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Buy a Meal at Panera, Pay What You Want

This article was written by in Economics, Featured. 5 comments.


In the movie Clerks, the convenience store cashier, Dante, occasionally takes a break from manning the counter. Rather than ensuring every customer paid for his or her items, he leaves a sign: “Please leave money on the counter. Take change when applicable. Be honest.” Dante believes customers assume they are being watched and will leave the correct amount.

While this scenario is just a movie, the upper-scale fast food chain Panera is experimenting with a similar approach. The company may not have been inspired by Clerks; more likely, they are taking a page from museums or parks where admission may be free but the facilities list a suggested donation. At one location in Missouri, Panera is taking the “non-profit” approach. The idea is customers pay what they can for a meal, based on the suggested price. In theory, rich people pay more and poor people pay less — or nothing at all.

According to the restaurant, 60% to 70% of customers pay the suggested price, 15% pay more, and 15% pay less or take their meals for free. The store does not seem to be attracting the area’s poor in large numbers as one might expect from an establishment offering basically free food, like a soup kitchen.

The store has not covered its costs yet, but the management expects it will within months. “Non-profit” doesn’t mean that the company doesn’t earn money above its expenses. An organization needs to make money to survive. Is a non-profit fast food restaurant a sound business idea? If you are a business owner, would you take the chance of giving your services for free by allowing your customers to pay what they wish?

Panera is taking the chance, relying on honesty and on the kindness of rich strangers to subsidize the poor or those who just don’t want to pay. They will be opening more of these restaurants where diners are free to leave as much or as little as they want in exchange for their meals.

Photo: bgottsab
Panera to open more pay-what-you-wish restaurants, Christopher Leonard, Associated Press, June 2010

Updated July 3, 2010 and originally published July 1, 2010. If you enjoyed this article, subscribe to the RSS feed or receive daily emails. Follow @ConsumerismComm on Twitter and visit our Facebook page for more updates.

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About the author

Luke Landes is the founder of Consumerism Commentary. He has been blogging and writing for the internet since 1995 and has been building online communities since 1991. Find out more about Luke Landes and follow him on Twitter. View all articles by .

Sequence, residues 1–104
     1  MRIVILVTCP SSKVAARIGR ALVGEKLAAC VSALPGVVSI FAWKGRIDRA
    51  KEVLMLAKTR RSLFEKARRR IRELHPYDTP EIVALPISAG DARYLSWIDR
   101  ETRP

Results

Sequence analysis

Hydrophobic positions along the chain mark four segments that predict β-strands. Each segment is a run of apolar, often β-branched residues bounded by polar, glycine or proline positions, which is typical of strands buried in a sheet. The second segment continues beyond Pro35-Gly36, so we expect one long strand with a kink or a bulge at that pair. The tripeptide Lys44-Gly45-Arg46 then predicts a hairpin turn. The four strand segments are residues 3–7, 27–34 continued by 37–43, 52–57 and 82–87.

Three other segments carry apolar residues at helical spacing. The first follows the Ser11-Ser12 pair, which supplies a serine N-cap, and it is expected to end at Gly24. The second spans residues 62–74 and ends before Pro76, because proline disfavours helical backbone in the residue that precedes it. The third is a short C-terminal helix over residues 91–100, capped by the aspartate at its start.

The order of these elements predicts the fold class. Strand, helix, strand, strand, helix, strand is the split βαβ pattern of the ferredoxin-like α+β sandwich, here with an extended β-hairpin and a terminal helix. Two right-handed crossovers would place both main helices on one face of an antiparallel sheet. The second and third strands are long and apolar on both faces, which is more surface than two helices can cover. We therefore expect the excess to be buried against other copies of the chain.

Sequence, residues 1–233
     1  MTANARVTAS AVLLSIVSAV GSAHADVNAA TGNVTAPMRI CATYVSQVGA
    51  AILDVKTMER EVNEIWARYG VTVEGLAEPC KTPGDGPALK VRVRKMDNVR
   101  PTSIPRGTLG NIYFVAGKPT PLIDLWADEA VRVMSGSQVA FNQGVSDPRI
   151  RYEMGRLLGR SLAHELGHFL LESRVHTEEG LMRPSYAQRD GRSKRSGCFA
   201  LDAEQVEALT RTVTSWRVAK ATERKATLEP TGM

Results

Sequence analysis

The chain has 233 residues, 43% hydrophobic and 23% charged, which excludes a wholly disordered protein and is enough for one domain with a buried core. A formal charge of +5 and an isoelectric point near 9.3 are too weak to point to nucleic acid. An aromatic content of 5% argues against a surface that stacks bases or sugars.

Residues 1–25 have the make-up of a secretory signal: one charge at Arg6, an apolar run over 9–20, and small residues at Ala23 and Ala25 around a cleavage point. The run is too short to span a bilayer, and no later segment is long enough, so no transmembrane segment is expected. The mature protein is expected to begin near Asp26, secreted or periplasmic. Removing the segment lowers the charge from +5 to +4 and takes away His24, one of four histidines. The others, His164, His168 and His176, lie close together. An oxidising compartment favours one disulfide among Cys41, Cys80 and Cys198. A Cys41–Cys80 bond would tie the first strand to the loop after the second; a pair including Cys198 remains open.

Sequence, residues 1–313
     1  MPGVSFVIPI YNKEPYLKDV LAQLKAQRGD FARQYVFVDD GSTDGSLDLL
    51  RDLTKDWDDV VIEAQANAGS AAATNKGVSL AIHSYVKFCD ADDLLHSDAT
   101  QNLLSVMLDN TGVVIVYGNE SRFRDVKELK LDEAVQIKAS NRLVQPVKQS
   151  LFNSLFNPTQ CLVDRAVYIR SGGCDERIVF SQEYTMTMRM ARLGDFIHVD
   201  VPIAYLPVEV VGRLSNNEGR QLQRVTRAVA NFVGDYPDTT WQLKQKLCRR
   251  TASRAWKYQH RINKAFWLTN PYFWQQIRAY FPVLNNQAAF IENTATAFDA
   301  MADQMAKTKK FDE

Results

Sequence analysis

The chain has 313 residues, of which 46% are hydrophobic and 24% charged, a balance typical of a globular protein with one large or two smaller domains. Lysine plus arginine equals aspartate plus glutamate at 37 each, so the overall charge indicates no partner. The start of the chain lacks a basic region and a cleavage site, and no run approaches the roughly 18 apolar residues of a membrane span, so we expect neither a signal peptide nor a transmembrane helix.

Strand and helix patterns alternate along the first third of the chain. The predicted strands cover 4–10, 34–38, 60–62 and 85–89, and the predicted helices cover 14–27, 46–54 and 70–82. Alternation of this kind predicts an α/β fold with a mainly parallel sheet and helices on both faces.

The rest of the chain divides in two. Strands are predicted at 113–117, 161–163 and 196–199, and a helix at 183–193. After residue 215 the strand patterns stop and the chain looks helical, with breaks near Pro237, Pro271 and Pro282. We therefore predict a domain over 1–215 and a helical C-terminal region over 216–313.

{ 5 comments… read them below or add one }

avatar Kevin

I’d probably only give my services away for free in the beginning to get the word out. If it did end up working then I’d keep that model. I’d say most people are honest though because they do think people are watching.
If I went into a restaurant that essentially gave away food I wouldn’t feel comfortable going unless they had suggested prices. I wouldn’t know what to give so I just wouldn’t go.
But it is a great concept and I’m glad to see it spreading to a national company.

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avatar Candide

Radiohead did pretty much the exact same thing with their album In Rainbows.

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avatar Ryan

Thanks for leaving this comment, Candide. You really know how to contribute to intelligent discussion; my only addition is that Radiohead sucks and is – by FAR – the most overrated band of all time.

=)

But hey, thanks for posting something relevant to Panera.

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avatar Doug Warshauer

It’s an interesting concept, but Panera is pretty pricey. I happened to go there for lunch today and my salad cost about $9.50 – seems high for a sandwich shop. Don’t know how many people would pay that much if they can set their own price.

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avatar Eric

Exactly Doug.

My Panera down the street needs to get on this. I never go because their food is ridiculously overpriced. If I can pay my own “reasonable” value, then I would frequent more often perhaps.

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